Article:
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Guest Post: Gorgeous DIY Blacksplashes

By Irisinteriors @IrisHoulihan

Today we have a guest post from Shahab Shokouhi, a glass design expert at Dulles Glass & Mirror. Enjoy:

Grey and white backsplash

Few things can elevate the appearance of a room quite like a good piece of glass.

Whether it comes in the shape of a subway tile or single sheet, arranged in a brick pattern or an intricately-designed mosaic, the bottom line for kitchens and bathrooms is simple: it’s hard to go wrong with a glass backsplash. Indeed, perhaps the only thing more satisfying than having a glass backsplash is being able to say, “I did it myself!”

Fortunately, a DIY glass backsplash installation is not nearly as complicated or expensive as you might think. Here are some layout ideas, DIY installation tips, and notes on care and maintenance to get your creative mind steered in the right direction.

Single Piece of Colored Glass:

backsplash single piece of colored glass

Photo via Dulles Glass & Mirror.

Not only does one piece of glass serving as your kitchen’s backsplash provide a seamless appearance and an easy to clean surface, but it also satisfies that oft-needed “pop of color” requirement in the kitchen.

Available in custom-cut sizes, this type of backsplash gives a single-shade complement or contrast to the other aspects of your kitchen (cabinets, countertops, appliances, decor, etc.).

Accent Band:

Glass and tile backsplash

When intermingled with another type of tile, little glass blocks or stripes serve as an accent band around a particular area or even an entire room. It helps a backsplash stand out without sticking out.

Shower glass mosaic

Photo via Flickr. (User: Clinton & Charles Robertson)

Ok, so this glass tile accent band in the shower doesn’t technically qualify as a “backsplash,” but it does serve to catch the water that splashes off of your back – not to mention it’s a great image of glass mosaic tiles coupled with white subway tiles arranged in a brick pattern – so it’s included!

Subway Tiles:

subway tile backsplash

Photo via Flickr (User Nancy Hugo, CKD).

And speaking of subway tiles, here’s another great example of the classic white subway tile in the traditional brick layout.

Mosaic Tiles:

Mosaic Tile Blacksplash

Photo via Flickr (User: uosɐɾ McArthur)

The beauty of tiles arranged in a mosaic is that  the pattern can be as intricate or simple as you desire! There is really no “right” or “wrong” when it comes to a mosaic design, but rather what is, “right for you.”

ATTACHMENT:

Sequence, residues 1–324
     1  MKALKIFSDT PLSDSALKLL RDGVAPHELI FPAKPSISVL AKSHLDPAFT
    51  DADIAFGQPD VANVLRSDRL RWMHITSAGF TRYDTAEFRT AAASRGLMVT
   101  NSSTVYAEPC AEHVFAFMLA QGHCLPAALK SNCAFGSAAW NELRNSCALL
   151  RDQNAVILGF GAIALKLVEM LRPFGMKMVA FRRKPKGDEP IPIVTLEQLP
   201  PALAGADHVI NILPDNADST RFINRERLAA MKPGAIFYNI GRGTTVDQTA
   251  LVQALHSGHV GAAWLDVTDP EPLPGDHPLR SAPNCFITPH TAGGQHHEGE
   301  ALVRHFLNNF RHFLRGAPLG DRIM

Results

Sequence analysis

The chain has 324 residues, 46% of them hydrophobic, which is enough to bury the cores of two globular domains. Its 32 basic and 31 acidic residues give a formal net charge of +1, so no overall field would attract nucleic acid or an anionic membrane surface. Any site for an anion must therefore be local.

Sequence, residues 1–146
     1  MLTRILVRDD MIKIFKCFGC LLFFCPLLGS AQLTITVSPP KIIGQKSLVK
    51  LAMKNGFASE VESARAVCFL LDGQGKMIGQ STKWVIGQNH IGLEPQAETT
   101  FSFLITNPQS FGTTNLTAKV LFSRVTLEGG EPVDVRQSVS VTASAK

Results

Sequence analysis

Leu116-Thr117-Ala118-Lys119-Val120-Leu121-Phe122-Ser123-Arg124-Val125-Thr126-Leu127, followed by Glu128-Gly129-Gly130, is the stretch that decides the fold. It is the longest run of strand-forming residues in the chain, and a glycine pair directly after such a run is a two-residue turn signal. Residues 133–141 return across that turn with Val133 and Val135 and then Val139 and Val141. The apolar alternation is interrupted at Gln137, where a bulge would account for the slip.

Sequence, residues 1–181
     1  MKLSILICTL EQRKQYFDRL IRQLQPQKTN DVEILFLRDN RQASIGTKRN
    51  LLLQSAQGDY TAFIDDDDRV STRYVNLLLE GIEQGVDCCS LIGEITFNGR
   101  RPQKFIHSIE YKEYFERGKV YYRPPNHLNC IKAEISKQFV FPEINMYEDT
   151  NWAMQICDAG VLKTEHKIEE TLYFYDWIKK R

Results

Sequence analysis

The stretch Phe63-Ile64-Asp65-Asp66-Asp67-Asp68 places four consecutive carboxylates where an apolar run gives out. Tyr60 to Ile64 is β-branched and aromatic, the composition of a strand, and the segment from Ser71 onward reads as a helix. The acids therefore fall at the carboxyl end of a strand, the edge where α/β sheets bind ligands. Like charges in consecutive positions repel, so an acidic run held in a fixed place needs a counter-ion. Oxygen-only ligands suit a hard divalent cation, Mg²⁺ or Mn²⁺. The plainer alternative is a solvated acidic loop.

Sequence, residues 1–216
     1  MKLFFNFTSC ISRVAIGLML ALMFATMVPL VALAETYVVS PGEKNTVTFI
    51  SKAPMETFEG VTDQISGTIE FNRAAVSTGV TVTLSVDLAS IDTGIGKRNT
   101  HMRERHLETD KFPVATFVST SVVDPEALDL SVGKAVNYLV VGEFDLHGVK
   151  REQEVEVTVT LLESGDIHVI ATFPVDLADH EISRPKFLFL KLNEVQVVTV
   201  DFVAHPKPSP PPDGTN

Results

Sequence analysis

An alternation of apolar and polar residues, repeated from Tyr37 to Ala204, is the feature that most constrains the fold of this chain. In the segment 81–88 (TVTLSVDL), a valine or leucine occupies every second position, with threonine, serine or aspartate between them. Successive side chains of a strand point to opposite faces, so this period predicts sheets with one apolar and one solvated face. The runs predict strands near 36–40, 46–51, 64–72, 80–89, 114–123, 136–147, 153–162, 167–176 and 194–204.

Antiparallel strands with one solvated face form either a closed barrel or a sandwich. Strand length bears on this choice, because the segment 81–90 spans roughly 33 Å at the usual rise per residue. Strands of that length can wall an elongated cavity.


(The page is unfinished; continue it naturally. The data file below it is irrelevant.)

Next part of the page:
glass backsplash

Photo via Dulles Glass & Mirror.

DIY Installation Done Right:

DIY Glass Tile Installation

Photo via Dulles Glass & Mirror.

The size and layout of your kitchen, as well as the type of glass backsplash you choose, will largely determine your total cost for the project.

What stays relatively consistent, however, is the process for installing your tiles.

  • Along the wall in your kitchen, measure the area you intend to cover from the top of the countertop to the bottom of the cabinet, doing your best to leave no spaces in between.
  • Include 1/8″ grout lines in your measurements when dividing by the dimensions of your particular tiles to figure out how many rows you will need.
  • Always lay out your tiles in a “dry run” beforehand to make sure you have measured correctly and that you are happy with the design.
  • Mix the thin-set mortar according to the manufacturer’s directions, adding water a little at a time. You can always add more but you cannot remove if you add too much.
  • Allow the mortar to sit for 10 minutes prior to use and then apply to the wall using a 3/16″ notched trowel in smooth, even strokes.
  • Only cover about 2 square feet at a time – thin-set is workable for about 45 minutes, so avoids covering more wall than you can tile at once – and keep a sponge and water handy to clean as you go.
  • Start applying tiles from the bottom and work your way up, inserting 1/8″ spacers as you go – you can remove these as the mortar sets.
  • Maintain even lines with a level and check regularly.
  • If you are cutting your glass tiles yourself, rather than purchasing pre-set “sheets” of mosaic tiles, it may run you around $50/day, but renting a wet saw will make the job of cutting tiles to order much easier.
  • Once the tiles have set, grout with un-sanded grout (sanded grout will scratch glass), using a float and pressing grout into the spaces at a 45 degree angle.
  • Wipe the tiles clean with a wet sponge once the grout has dried.
  • Once clean, use a soft cloth to polish off the haze.

Careful Considerations:

In addition to your basic tile backsplash care and maintenance, there are special considerations for certain locations and tile types.

  • If you are installing glass tiles behind a cooktop (as opposed to a single piece of glass or ceramic tiles, for example), pay careful attention to the spacing in between the individual tiles: greater separation may be required due to expansion and contraction caused by the heat source of the stove.
  • Additionally, a special type of adhesive and sealant may also be required, depending on the type of backsplash you select. Be sure to ask the glass specialist when you purchase your tiles if any special materials are needed.

What newly-inspired glass backsplash designs do you have in mind?

Shahab Shokouhi is a glass design expert at Dulles Glass & Mirror, an innovative manufacturer of glass table tops, glass shelves, and all other glass and mirror products. Follow Dulles Glass and Mirror on Pinterest or on YouTube to see how they’re changing the way glass products are manufactured, customized and delivered.

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